Thursday, October 15. 2009
A massive pod of up to 50 killer whales has been filmed for the first time off the coast of Scotland by a BBC crew.
The BBC reports that Gordon Buchanan, presenter of BBC Autumnwatch, filmed the group from a fishing boat in the North Sea.
As the largest member of the dolphin family, killer whales are known for their intelligence and range of hunting behaviours.
The pod of killer whales caught on camera belong to a family group that has developed a particular hunting strategy; following mackerel fishermen and feeding on fish that escape their nets.
The killer whales pick of any escaping mackerel and also feed off scraps as the nets are later lowered back into the water to be washed clean.
The BBC notes that 'Scientists first documented this behaviour in the 1980s and fishermen in Scotland have seen the behaviour develop since.
"They are pretty quick to cotton on, and it's something they are doing all
around the world where there is a big fishery," says Mr Andy Foote of
the University of Aberdeen, a marine scientist advising the BBC
"But what's great about this one, is they aren't viewed as a pest, they are just going after mackerel that are stuck in the nets or escaping and they don't take any of the fishermen's catch," he says.
"They don't damage the nets or get stuck in the nets, there is a benefit for both parties and the fishermen are really fond of the killer whales."'
I first saw this behaviour in the mid 1990's when I travelled to Iceland for WDCS. I had the luck to travel with the Icelandic fishing fleet to observe orcas south of Iceland. Having convinced them I was not there to cause them problems, the fishermen opened up and explained that they regarded the orca as 'colleagues'. This was at a time, like now, when politicians and whalers back in Iceland were agitating to kill whales, and orcas were portrayed as 'evil fish-eating vermin'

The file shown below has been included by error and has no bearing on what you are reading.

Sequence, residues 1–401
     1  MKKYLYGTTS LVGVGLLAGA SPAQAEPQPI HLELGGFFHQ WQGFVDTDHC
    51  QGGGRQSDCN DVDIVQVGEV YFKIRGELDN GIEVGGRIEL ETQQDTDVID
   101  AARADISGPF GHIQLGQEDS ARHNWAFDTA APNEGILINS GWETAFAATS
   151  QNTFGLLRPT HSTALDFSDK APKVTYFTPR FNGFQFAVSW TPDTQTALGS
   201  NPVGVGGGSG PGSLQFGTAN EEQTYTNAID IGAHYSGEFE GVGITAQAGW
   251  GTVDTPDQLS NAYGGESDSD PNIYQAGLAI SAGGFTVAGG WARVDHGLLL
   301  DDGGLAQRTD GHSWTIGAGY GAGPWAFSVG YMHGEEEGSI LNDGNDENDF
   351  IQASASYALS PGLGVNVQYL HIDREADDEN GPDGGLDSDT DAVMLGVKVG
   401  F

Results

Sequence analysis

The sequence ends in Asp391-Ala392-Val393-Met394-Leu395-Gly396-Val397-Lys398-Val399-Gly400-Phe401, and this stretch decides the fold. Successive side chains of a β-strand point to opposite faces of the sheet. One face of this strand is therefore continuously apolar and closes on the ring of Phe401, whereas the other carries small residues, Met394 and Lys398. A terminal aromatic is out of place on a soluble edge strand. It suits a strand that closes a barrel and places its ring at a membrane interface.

The truth was that the fishermen would use their sonar to identify where the orca were at sea and the fishermen would then target that bit of ocean. Setting their nets (purse seine) where the orca were feeding, the fishermen stated that they would get a higher catch if they relied on the orca.
What was fascinating was that the orca would sit back and wait for the net to be partly pulled in. In what appeared to be a well planned process that the orca were fully cognizant of, the fishermen would pause to allow 'stunned' fish to fall out of the top of the net and then the orca would come into feed. The most wonderful sight was seeing a female bringing in a calf and nudging the cal towards the net to catch its first (or nearly first fish). Repeated passes were observed until the calf had successfully taken a fish, to which I could swear the mother was 'smiling'.
The rest of the pod would then come into feed. All the while, the fishermen would watch and wait until they felt the whales had had enough and then pulled their nets in. The whales would then, as one, head off to the next Icelandic fishing vessel on the horizon - a bit like finishing at one feeding station and now onto the next.
The boat I was on collected their fish and then moved on again towards where the whales were to be found to set their nets again and the whole process was repeated.
On the return trip I asked the fishermen what they felt about the political arguments that 'whales were eating all the fish', an argument that the Icelandic Government still makes. I remember one fisherman dismissing it as 'Reykjavik politics' and that the whales were 'their friends'.
I remember the evening ending with me watching the stunning sight of a male orca, with a six foot fin, swimming slowly past the boat, its fin so tall that it appeared to cut out the light from the moon as it passed.
Most probably one of the best nights of my career in cetacean protection.